Republic P-47D Thunderbolt
Place in history: In 1940, the United States Army Air Corps decided that larger fighters would be needed in the coming European war. Alexander Kartveli, Republic Aviation's chief designer, prepared a rough sketch of a new fighter with the most powerful Pratt & Whitney engine ever developed, along with eight .50-caliber machine guns and heavy armor. World War II pilots considered it to be "unbreakable;" its legendary toughness gave them confidence that they had a good chance of returning home safely even if their plane sustained damage in combat.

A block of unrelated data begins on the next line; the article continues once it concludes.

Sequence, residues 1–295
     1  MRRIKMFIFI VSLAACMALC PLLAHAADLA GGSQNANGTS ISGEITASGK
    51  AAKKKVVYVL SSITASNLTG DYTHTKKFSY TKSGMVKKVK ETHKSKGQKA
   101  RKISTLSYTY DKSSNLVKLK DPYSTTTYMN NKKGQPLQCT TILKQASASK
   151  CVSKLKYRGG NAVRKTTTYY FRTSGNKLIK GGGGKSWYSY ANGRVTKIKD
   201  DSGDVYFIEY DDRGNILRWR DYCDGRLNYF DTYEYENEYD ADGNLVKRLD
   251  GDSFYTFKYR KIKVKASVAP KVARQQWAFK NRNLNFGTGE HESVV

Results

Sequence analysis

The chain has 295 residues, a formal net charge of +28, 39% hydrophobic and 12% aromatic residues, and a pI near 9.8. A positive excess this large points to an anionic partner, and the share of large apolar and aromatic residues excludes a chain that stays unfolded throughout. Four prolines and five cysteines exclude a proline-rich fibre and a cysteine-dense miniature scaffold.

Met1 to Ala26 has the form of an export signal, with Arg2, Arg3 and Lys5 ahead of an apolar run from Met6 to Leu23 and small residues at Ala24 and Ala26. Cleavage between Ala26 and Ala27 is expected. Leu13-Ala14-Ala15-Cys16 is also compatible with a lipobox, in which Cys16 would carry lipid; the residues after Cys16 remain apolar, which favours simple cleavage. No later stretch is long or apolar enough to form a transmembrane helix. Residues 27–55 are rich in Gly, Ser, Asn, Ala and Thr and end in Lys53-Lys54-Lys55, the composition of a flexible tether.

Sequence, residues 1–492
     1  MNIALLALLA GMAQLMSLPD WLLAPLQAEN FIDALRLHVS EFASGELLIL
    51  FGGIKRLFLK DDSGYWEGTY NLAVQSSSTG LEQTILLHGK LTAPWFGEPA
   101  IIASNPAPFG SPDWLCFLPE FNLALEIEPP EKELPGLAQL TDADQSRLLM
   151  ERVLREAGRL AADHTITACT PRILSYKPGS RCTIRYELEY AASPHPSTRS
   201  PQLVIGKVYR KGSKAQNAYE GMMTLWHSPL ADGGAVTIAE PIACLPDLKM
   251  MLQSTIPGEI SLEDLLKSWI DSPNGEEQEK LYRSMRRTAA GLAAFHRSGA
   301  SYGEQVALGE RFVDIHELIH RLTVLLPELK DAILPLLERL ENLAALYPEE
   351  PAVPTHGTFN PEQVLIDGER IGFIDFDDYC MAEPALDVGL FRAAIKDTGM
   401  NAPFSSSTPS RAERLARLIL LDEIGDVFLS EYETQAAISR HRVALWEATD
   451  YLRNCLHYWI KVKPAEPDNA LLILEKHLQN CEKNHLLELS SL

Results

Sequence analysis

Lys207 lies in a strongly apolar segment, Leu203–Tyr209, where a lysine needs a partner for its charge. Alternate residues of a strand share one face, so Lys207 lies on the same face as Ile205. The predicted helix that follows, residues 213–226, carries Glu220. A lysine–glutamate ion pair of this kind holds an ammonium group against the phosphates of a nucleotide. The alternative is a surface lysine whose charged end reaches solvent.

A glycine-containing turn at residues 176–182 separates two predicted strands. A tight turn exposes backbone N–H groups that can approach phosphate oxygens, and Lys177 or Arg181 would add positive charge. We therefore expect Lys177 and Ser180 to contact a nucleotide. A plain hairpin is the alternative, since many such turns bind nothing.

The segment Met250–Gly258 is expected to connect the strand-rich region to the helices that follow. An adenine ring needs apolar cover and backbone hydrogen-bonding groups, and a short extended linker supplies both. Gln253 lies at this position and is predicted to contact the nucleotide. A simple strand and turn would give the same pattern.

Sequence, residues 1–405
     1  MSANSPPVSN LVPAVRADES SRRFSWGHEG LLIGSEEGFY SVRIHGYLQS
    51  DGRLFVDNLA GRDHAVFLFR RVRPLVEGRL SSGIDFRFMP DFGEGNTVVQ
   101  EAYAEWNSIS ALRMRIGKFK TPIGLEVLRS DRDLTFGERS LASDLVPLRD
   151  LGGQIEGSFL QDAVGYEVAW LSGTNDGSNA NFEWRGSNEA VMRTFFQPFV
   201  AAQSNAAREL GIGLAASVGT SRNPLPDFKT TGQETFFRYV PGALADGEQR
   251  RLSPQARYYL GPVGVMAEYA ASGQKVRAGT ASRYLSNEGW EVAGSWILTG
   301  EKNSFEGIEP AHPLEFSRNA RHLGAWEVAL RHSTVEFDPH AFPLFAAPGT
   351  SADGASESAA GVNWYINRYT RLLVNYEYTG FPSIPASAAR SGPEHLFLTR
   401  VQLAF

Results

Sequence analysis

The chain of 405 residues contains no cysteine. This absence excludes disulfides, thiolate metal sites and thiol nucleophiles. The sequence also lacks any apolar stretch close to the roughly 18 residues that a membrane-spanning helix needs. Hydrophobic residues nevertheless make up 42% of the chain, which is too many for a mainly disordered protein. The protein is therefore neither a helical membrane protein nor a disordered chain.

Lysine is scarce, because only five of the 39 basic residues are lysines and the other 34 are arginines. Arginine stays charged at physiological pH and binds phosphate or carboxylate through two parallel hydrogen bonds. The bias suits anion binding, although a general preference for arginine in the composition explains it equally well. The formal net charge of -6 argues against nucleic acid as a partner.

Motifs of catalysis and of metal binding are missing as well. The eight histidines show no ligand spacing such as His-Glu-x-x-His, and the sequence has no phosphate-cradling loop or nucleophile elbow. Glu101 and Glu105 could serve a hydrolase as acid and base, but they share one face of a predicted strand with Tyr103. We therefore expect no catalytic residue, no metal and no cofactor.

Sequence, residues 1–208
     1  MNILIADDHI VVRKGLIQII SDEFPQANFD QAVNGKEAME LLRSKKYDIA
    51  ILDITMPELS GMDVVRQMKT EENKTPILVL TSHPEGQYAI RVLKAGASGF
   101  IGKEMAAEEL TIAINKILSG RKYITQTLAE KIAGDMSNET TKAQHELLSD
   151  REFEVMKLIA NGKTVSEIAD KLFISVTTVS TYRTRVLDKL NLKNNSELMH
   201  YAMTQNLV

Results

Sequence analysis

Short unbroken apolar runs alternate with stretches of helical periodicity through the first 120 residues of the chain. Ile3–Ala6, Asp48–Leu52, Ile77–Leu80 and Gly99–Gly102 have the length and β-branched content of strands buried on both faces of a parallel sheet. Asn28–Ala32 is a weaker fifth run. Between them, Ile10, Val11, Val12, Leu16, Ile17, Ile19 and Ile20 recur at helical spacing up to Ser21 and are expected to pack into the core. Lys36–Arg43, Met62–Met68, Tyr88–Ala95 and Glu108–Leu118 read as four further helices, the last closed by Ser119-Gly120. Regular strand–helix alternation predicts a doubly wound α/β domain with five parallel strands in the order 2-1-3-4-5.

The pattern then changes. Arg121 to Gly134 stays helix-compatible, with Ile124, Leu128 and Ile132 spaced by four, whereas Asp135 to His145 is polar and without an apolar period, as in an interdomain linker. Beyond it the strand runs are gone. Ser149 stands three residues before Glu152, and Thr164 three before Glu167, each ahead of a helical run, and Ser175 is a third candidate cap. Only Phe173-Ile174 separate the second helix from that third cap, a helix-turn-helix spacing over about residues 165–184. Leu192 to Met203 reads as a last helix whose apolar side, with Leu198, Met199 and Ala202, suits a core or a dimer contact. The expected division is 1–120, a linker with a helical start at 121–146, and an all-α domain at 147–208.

This aircraft: Manufactured by Republic Aviation in Evansville, Indiana, and delivered to the USAAF on June 27, 1945. It was placed in storage until March, 1948, when it was assigned to an Air National Guard squadron. FHC's Thunderbolt is painted in the colors of the "Tallahassee Lassie," flown by Seattle-born Colonel Ralph C. Jenkins. He led the 510th Fighter Squadron, initially in England and later all the way through Europe to Germany at the end of WWII. Colonel Jenkins may be the pilot who attacked the staff car of Field Marshall Erwin Rommel, wounding the German commander.